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Credit scores can influence divorce, property division

Before couples in the Houston area tie the knot, they usually go over a few basic details with each other: where they will live, how many children they want and what shape their careers will take. However, one thing that newlyweds tend to gloss over is the issue of finances. This subject can rear its head later on, after the honeymoon has ended and couples have begun coping with the reality of everyday expenses.

Research from the Federal Reserve Board points to the need for couples to discuss their finances before and during marriage. The Board notes that couples whose credit scores differ widely are more likely to get divorced than those whose scores are similar. At first glance, this might seem coincidental, but different credit scores may point to different attitudes on spending, saving and building credit. In addition, divergent scores may thwart shared goals, such as getting a mortgage or other big-ticket items that require loans.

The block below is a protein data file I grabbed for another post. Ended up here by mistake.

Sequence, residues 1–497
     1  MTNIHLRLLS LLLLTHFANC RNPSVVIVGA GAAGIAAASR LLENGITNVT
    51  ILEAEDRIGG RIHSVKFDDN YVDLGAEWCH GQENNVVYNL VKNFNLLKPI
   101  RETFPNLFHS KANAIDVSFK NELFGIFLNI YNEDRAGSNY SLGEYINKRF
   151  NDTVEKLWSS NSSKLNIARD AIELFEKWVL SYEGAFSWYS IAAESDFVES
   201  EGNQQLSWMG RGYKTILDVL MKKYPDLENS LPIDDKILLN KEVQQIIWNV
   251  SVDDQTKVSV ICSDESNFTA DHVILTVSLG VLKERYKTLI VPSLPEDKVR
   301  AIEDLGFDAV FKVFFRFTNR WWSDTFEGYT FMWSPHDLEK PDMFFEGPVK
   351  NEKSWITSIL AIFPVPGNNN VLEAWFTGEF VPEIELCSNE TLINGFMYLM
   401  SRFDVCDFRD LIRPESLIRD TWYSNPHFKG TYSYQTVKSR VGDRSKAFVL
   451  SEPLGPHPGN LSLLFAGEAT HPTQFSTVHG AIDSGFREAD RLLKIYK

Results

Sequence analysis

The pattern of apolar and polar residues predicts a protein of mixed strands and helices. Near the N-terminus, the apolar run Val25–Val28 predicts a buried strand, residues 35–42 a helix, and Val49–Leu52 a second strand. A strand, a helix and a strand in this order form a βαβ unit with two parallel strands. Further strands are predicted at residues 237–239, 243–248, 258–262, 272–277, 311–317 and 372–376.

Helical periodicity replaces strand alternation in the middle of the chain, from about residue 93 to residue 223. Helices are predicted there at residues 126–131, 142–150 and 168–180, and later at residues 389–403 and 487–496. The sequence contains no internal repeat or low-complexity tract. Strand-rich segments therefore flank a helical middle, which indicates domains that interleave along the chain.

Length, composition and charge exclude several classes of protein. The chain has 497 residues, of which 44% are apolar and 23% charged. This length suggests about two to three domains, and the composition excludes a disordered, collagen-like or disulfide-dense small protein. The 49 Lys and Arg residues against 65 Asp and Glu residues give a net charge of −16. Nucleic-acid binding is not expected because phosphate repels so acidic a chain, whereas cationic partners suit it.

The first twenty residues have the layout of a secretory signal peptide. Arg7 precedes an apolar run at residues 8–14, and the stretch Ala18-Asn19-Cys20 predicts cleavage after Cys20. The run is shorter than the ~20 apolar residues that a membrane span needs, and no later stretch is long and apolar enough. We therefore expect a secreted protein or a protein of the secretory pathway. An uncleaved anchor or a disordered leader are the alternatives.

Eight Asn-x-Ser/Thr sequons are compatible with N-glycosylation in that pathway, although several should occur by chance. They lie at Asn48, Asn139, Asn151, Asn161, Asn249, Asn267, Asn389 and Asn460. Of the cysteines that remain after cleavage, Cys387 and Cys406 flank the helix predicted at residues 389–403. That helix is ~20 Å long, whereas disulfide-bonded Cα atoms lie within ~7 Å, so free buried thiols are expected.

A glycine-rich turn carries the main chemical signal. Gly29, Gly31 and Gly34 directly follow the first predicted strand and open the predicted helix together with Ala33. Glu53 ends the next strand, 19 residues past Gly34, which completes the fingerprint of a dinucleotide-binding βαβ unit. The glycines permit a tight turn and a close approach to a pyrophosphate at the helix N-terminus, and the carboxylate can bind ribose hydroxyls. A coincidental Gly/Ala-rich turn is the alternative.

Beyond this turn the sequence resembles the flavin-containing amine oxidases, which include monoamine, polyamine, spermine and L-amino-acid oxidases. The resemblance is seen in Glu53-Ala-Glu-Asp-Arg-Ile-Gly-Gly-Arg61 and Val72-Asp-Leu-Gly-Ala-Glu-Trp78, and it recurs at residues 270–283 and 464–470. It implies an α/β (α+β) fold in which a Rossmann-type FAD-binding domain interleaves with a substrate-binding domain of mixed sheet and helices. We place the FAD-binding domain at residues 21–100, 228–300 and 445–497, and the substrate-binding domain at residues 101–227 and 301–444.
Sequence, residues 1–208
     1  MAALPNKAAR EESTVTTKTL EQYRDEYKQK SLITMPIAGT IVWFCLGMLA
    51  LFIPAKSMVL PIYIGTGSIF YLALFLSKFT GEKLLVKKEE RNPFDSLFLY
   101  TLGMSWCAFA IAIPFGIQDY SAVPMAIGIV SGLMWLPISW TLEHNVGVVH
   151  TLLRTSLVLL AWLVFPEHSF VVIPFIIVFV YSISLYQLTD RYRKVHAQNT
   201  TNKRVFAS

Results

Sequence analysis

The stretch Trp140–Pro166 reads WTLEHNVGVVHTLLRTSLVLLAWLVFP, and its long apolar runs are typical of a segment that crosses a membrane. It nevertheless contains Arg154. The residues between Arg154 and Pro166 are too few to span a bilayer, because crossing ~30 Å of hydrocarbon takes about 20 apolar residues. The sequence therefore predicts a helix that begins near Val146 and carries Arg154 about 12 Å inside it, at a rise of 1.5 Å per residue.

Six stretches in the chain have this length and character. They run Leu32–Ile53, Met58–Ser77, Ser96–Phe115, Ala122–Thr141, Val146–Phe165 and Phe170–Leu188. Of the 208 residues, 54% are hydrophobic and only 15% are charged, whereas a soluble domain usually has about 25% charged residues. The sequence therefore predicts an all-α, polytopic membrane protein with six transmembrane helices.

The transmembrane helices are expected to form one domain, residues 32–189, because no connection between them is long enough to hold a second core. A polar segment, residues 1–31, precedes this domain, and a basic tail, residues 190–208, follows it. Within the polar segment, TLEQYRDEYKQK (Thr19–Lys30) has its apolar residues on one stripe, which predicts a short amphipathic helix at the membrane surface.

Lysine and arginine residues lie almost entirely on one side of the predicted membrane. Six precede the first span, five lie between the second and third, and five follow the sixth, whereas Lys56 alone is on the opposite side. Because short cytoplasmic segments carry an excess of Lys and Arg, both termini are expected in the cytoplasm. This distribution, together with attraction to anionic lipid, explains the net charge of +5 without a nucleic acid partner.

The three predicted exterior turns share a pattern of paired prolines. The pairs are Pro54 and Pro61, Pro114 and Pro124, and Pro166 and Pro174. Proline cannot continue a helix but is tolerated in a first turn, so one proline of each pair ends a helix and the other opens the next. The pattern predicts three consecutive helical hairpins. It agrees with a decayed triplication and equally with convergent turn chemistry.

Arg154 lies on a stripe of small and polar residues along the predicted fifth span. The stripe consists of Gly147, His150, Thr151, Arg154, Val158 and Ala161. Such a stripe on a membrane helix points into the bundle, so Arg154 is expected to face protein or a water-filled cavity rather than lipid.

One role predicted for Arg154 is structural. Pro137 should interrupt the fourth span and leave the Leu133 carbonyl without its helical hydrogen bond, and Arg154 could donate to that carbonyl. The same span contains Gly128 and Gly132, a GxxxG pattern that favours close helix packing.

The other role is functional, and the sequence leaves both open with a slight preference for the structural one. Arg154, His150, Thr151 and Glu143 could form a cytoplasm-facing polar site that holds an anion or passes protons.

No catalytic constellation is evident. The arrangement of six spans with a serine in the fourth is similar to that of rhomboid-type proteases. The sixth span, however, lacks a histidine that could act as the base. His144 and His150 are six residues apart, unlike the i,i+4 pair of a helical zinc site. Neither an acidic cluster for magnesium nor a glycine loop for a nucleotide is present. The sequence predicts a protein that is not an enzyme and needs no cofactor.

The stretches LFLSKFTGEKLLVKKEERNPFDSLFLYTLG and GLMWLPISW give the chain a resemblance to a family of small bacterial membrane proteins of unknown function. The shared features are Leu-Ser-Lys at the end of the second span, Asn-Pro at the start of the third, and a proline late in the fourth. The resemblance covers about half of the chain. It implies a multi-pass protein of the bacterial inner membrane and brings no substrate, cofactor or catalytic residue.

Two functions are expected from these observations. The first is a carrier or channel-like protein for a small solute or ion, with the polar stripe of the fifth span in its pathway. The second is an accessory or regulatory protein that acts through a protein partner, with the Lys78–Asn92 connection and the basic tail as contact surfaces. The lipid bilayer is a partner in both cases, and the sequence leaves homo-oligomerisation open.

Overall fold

Couples with dissimilar credit scores may be in for money-related surprises if they divorce. For example, one spouse may have debt that the other doesn't know about until property division takes place. In fact, some parties may not even know their spouses have bad credit, because errors on a credit report can go unnoticed for long periods of time. Debt that is jointly held, such as that stemming from joint credit card accounts, can be particularly contentious during divorce if it is not addressed calmly and thoroughly.

In a community property state such as Texas, couples may be responsible for debt acquired during the marriage, even if that debt doesn't come from joint accounts. Couples who separate, then, may benefit from legal advice even prior to filing for divorce, since separation doesn't automatically liberate a spouse from the other's debt accumulation during that period.

Source: Long Island Newsday, "Money fix: Credit score and divorce," Sheryl Nance-Nash, Oct. 17, 2013

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Attorney Christine K. Lincoln

Christine K. Lincoln offers sound counsel and legal services to protect clients and their families facing divorce and other family disputes.

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